308 GIVE US NO MO Write an updated version of those old children's selecting rhymes. Your rhyme must (1) rhyme and (2) conform, at least loosely, to a point-and-shoot cadence that permits the elimination of one item from a group. H
306 YOUNGIAN THERAPY Suggest ways in which the Style Invitational or any other Washington area institution can become more relevant to younger people. H H
304 TIME OF THE SIGNS Come up with appropriate signage to appear outside any business or retail establishment in the Washington area, including government offices. H
302 UNSTATED TRUTHS Come up with lines that you'll never hear the provided people say. H
299 ANOTHER LEFTIST RAG Write the day's tabloid headlines with your left hand only. (This means you can use no keys to the right of 6, T, G and B.) H
283 UH-OH Come up with "uh-oh" lines, statements that occur in the middle of a seemingly benign speech or conversation, suddenly alerting the listener that he is about to hear some bad news. H H
280 EXPRESSING IT NICELY Come up with colorful expressions for any of the six provided activities, to make them sound a little less tawdry. H H
271 YOGI BEARER Come up with new Yogi-isms, which seem to make sense, but collapse like a soufflé when you poke it a little H
269 SIGNS, AND THE TIMES Come up with new, helpful signage for downtown streets. You must state the problem, and propose the sign to rectify it. H H
266 DEFINITELY WEIRD Take any word from the dictionary and redefine it. H
263 THE GAME OF THE NAME Propose a bad name for the provided categories. H H H
262 CAMPAIGN FOR ONE Design a line for Niels Hoven to deliver in his campaign for a student government office that will wake up a snoozing audience. H
260 IT'S A SNAP Come up with replacements for the two hackneyed answers: "Is the Pope Catholic?" and "When Hell freezes over." E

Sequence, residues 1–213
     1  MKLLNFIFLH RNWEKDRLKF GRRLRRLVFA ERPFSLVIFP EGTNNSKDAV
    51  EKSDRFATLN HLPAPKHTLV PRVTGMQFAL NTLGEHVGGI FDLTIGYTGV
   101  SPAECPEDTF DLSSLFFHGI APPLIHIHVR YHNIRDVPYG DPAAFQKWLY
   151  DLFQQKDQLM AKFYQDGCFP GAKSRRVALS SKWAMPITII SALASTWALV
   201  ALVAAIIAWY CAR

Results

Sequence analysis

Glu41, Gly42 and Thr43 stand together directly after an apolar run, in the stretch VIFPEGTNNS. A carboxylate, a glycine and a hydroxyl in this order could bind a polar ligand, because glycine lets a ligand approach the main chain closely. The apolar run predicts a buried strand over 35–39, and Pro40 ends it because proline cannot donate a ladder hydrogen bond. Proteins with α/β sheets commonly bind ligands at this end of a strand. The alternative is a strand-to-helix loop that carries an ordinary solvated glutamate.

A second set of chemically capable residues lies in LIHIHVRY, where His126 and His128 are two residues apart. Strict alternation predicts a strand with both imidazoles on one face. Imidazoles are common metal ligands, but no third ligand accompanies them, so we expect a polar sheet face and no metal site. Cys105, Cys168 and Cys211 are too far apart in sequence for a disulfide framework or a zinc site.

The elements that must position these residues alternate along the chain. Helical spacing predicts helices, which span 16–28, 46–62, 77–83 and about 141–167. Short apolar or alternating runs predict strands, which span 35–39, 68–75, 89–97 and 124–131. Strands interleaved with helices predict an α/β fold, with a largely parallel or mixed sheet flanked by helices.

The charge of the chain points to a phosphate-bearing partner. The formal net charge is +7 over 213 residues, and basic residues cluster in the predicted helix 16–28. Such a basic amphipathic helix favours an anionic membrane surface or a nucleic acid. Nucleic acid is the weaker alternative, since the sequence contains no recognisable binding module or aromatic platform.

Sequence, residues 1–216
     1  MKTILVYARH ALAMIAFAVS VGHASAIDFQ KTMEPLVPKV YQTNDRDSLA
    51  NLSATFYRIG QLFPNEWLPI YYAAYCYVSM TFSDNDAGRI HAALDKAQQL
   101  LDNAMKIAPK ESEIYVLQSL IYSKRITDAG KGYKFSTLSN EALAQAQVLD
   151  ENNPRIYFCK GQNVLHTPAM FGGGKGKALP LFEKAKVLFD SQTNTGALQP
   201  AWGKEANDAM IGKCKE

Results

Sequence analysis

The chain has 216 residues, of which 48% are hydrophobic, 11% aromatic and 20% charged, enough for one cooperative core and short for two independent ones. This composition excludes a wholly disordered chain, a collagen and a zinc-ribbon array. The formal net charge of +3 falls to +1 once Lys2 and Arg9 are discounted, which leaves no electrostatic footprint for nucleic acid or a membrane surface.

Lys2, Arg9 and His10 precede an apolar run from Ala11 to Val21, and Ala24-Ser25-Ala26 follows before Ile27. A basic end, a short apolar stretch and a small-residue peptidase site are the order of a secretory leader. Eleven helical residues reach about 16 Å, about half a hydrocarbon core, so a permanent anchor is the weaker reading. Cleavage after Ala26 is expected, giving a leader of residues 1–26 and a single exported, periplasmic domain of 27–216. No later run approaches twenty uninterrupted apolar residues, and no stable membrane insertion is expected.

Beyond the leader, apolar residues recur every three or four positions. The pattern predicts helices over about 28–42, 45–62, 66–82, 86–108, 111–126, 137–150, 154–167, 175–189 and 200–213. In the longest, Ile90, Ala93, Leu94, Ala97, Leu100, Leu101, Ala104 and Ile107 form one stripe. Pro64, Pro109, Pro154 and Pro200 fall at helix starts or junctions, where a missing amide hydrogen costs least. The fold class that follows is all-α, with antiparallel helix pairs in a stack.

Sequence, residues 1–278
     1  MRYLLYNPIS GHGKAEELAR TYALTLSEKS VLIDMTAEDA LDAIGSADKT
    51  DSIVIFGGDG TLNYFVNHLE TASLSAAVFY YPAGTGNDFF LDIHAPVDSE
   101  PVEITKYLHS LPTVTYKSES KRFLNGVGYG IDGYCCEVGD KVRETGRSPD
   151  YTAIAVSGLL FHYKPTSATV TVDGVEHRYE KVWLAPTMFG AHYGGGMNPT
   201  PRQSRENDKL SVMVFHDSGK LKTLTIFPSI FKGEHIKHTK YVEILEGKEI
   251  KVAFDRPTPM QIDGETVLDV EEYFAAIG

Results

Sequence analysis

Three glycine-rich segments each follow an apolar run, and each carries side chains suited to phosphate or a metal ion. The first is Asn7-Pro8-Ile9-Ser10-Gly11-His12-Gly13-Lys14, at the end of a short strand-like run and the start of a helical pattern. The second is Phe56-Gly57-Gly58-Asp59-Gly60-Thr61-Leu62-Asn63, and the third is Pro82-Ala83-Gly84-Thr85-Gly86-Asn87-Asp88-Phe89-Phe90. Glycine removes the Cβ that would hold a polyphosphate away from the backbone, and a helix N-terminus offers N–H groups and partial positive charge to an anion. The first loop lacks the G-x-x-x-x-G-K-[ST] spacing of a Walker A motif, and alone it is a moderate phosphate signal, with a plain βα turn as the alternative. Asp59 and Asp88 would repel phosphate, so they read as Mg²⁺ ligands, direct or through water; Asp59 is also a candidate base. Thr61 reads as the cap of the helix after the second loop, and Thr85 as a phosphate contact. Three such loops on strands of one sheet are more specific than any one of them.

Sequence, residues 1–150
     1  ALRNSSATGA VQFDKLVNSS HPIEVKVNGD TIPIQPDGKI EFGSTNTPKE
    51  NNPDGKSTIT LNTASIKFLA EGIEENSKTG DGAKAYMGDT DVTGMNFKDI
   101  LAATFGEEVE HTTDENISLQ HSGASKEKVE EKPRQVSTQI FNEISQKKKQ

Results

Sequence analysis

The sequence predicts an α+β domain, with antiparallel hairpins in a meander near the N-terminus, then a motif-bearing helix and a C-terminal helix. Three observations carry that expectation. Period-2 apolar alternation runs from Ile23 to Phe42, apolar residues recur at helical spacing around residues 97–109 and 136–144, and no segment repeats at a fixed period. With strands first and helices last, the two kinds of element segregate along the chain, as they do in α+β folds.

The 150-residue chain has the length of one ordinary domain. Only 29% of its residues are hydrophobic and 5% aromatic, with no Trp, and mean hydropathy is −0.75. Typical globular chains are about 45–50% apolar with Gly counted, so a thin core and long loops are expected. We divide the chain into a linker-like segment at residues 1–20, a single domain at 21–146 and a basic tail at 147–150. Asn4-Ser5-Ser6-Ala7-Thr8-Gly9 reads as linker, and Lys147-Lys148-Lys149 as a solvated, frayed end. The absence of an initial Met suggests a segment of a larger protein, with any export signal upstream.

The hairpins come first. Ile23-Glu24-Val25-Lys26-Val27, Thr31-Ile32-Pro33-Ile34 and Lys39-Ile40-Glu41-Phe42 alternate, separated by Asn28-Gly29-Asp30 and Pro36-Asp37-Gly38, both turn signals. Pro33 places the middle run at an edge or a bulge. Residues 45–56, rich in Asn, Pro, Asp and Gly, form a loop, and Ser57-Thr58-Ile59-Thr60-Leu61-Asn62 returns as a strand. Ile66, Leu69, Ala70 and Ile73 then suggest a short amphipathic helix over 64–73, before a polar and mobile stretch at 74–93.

259 SPARE EXCHANGE, BUDDY? Take any phone number of any business or government office in the Washington area, translate the first two digits into their constituent letters and propose any appropriate one-word exchange. 2 E H H H
248 STICKER SCHLOCK Come up with a message for our new, mildly sought-after Style Invitational bumper sticker, something that summarizes the grandeur and dignity of this stupid contest. H
191 GOING THROUGH A PHRASE Come up with phrase for an American English phrasebook that would provide no practical help whatsoever to a foreigner trying to get along in the United States. H H
173 DEAD RECKONING Propose a question that might be asked by a living celebrity to a famous dead person. You must name the living person, name the dead person, and tell us the question. H
168 LICENSE TO CARRY A PUN Come up with original jokes like those provided. H
161 CAPITOL MISTAKES Come up with very, very bad advice for first-time visitors to Washington. H
156 HYPHEN THE TERRIBLE Create new word by combining the first half of a hyphenated word with the second half of a hyphenated word. Both words must appear in the same story anywhere in today's Washington Post. Each entry must provide a definition for the newly created word. H

MOST OF YOUR INK

Here is, I hope, most of your ink to be found in the All Invitational Text list. I have to find these with what are called regular expressions, which is a method used in a lot of programming languages to find and modify certain text strings in larger corpora. Basically I look for something like this:

"Report From Week 758"

or

"And from The Style Invitational four weeks ago . . ."

and then some text, your name, and your town, arranged in this familiar way:

"GlaxoSmithKline: I have six kids named Chesterfield, Winston, Lark, BensonHedges, Doral and Kool. If I name my new baby Nicorette, can I get a free coupon for your products? (Jennifer Hart, Arlington)"

I don't catch everything, but I believe I find 90%.

Unlike in the table to the left, I've arranged these in chronological order, so you can see how your humor matured, like a forgotten cheese deep in the walls of an old house. You started out, perhaps in Year 1, sending in riddles you sort of remembered from grade school, and now look at ya, ain't you Dorothy Parker.





[still working on this ...]